programme (ESJ/Laval University – Quebec) in foreign journalism.11 ESJ’s field of
international cooperation includes also countries of East-Central and South-East
A comparable education programme for journalists is offered by a well established
center for training in journalism, Centre de Formation et de Perfectionnement au
Journalisme, in Paris. Here, students are introduced to basic journalistic techniques
and specialise in reporting for one of the media outlets (agency, press, radio,
television, multimedia or images).12 Among those schools recognised by the
Convention of national journalists one can further find many practically, training
oriented, but a few academic institutions: Institut Pratique de Journalism, Paris;
Centre Universitaire d’Enseignement du Journalisme, Strasbourg; CELSA, Neuillysur-Seine; Ecole de Journalisme et de Communication de Marseille; Ecole de
See at
The annual course list in ESJ, 2001: ESJ-Medias, Nos formation en 2002.
In ESJ, 2001: ESJ – International, ESJ Department for Foreign Activities.
Study programme at, 25 March 2002.
journalisme de Toulouse; IUT de Tours – Department Information-Communication
Option journalisme, Tours; and IUT de Bordeaux – Filiere Journalisme, Gradignan
Cedex. The oldest university institute for research of information and communication
Institut Francais de Presse in Paris is for example not recognised by the profession.
The same holds for other academic and research natured institutions in the field of
media, communication and journalism.13
Les ecoles de journalisme, reconnues ar la Convention collective nationale des journaliste & Les
ecoles de journalisme, “non-reconnues” par la profession – at
With overall reconstruction in the post-war Bosnia and Herzegovina, the existent
education of journalists and media professionals has not properly served the needs of
the new media environment and society. Five faculties of journalism in Banja Luka,
Bihač, Mostar, Sarajevo and Tuzla found itself with scarce human resources and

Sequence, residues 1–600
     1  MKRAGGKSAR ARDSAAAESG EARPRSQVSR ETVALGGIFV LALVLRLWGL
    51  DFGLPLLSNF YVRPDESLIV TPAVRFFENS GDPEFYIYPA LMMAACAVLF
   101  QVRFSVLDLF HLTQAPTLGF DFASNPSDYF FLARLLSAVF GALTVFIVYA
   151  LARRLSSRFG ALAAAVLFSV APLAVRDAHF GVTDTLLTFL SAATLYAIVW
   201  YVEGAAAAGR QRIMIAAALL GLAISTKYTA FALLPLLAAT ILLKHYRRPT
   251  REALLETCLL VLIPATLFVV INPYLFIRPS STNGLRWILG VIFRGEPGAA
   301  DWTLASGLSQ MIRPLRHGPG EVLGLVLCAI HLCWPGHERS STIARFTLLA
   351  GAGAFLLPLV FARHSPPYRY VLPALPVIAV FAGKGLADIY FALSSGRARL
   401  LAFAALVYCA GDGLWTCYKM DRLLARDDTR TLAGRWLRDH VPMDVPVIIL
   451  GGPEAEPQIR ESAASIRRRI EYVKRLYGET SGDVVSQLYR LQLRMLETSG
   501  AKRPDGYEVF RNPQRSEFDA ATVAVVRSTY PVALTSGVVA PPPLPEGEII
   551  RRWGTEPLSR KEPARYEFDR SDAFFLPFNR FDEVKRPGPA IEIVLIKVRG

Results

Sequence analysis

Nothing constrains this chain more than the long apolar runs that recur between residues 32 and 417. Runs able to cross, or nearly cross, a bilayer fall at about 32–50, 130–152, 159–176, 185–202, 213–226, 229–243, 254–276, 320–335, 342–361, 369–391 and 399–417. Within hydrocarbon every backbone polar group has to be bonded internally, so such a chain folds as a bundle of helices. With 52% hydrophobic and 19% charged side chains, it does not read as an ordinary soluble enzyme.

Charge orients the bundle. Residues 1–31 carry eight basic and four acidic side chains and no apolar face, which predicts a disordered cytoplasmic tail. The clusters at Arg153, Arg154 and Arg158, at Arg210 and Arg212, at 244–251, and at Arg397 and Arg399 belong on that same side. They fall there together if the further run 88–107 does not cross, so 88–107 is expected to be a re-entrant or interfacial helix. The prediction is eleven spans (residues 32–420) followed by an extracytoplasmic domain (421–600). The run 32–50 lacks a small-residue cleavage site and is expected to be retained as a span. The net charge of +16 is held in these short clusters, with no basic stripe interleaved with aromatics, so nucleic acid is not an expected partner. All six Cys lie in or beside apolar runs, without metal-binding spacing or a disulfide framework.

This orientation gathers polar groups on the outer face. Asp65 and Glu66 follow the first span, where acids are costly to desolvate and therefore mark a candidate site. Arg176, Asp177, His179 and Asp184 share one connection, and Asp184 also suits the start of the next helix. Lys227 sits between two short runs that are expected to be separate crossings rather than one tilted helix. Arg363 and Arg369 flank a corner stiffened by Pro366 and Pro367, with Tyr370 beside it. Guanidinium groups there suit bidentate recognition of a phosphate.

outdated equipment.14 Therefore, a special effort, by the help of the international
community, was made to establish new schools, providing proper education and
professional training of journalists. Most of them followed the successful Western
models, in particular the Francophon.
High School of Journalism at Media Plan Institute, Sarajevo started with its one-year
graduate programme under the auspices of ESJ, Lille, in October 2001. As at its
French senior partner institution, here the curriculum consists of the following parts:
1. General media education: journalism ethics, codes of practice in journalism, culture
of communication; European media landscape; media landscape in South-East
Europe; media law; media and politics; media and market; media and culture
2. Practical professional education: information sources and information gathering;
research methods in journalism; research journalism; multimedia; agency; radio;
television; press
3. Topical specialisation: international relations and European integration; reporting
from conflict and post-conflict areas; reporting on government; reporting on culture;
research and reporting on corruption; reporting on state of human rights (in particular
rights of children and minors); conflict resolution – implementation in journalism
Here, during three semesters students go from basic knowledge and understanding of
media environment to final professional specialisation in one of the media outlets and
expert specialisation in one of the offered topical fields. At the end of their schooling,
they have to provide their final work, prepared under professional supervision – a list